Armstrong, who has since admitted he was doping during all of his Tour de France wins, had a time of 82:05:12 in 2002. Froome's time would have placed him 63rd in 2002.

St-Pierre acknowledged there are always going to be problems and that cheaters are generally ahead of the testers. He said he fully supports random blood and urine testing, but understands the cost.

He said he was willing to pay for it for all of his fights, but said money is an issue.

"I'm fairly wealthy, but I can't pay for everyone's test," he said. "Maybe the UFC can do it. Maybe the commissions can do it just for the championship fights. But it has to be done because it's a very serious issue that isn't going away."

He said he is not bitter and still loves MMA, and is eager to see Hendricks-Lawler.

He picked Hendricks, though without a lot of passion.

"They both have a lot of punching power and could knock you out, so you never know when there is that kind of power what will happen," St-Pierre said. "If Johny catches him right on the chin with a good one, he could knock him out. But you know what? Robbie has a lot of power, too, and if he hits Johny right on the chin, it is the same result.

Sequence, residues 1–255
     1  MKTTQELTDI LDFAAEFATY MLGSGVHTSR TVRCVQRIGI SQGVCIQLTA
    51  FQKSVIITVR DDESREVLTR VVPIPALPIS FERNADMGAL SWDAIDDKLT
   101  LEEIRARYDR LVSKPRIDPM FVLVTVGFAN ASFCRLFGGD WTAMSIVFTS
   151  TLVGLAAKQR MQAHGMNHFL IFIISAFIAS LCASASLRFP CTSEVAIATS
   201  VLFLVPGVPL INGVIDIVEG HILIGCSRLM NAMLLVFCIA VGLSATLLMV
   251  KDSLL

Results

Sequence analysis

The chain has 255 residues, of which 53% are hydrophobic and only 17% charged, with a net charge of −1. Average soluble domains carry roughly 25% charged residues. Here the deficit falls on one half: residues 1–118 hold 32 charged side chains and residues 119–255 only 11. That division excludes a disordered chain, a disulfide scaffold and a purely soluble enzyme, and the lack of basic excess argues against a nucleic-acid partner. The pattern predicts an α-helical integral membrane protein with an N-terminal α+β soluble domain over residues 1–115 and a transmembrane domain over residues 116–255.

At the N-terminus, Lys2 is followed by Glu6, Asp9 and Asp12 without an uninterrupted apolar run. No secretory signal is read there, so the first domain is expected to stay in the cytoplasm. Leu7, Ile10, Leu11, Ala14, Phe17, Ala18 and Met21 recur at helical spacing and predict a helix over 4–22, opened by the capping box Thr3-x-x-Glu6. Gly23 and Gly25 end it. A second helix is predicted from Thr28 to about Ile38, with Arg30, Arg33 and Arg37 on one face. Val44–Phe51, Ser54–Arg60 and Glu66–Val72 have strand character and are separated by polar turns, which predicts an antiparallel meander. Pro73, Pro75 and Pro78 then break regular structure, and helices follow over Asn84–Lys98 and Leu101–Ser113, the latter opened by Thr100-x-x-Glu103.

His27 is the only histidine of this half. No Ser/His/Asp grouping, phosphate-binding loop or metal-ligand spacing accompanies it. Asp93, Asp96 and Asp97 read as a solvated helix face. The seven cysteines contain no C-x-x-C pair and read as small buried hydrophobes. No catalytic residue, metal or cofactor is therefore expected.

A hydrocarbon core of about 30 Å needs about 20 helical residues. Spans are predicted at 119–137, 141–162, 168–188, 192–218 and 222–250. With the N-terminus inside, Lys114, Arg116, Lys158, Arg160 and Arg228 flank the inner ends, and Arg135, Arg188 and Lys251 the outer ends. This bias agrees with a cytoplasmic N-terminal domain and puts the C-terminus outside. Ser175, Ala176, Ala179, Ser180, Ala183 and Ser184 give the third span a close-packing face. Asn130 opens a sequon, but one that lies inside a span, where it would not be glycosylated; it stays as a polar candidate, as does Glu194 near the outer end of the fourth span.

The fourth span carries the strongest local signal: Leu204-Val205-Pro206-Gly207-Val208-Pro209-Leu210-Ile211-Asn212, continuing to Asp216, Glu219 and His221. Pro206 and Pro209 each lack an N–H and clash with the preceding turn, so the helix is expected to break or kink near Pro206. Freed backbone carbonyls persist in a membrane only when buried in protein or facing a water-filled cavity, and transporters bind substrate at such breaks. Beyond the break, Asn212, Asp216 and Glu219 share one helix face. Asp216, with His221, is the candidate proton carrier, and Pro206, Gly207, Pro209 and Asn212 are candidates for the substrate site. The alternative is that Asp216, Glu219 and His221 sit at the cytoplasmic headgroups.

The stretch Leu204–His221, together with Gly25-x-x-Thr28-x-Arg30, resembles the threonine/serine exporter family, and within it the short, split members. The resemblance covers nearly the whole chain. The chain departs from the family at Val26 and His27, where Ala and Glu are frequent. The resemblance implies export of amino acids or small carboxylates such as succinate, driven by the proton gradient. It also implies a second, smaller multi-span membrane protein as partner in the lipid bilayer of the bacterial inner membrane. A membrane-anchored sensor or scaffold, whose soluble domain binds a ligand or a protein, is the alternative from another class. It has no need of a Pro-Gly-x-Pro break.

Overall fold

"But if I was forced to pick it, I would take Johny to win. He has the wrestling and grappling ability, and I think at the end of the day, that will be the difference."

He's still not sure what, if anything, will get him back into the cage. He said he's enjoying his time away from the sport, though he said he trains every day.

He is asked about a return all the time, he said, but he simply doesn't know.

"My life is a lot better because of fighting," he said. "I made a lot of money and I live a good life now and that is because of fighting. But it also was tearing me apart because of how I am.

"I just need to be off and away from it for now. I don't need the pressure of a big fight coming up and thinking about it every minute, every second. Right now, I'm enjoying my life. Maybe it will change later, and I will want to be back, and I will say it if I do. But I like where I am now."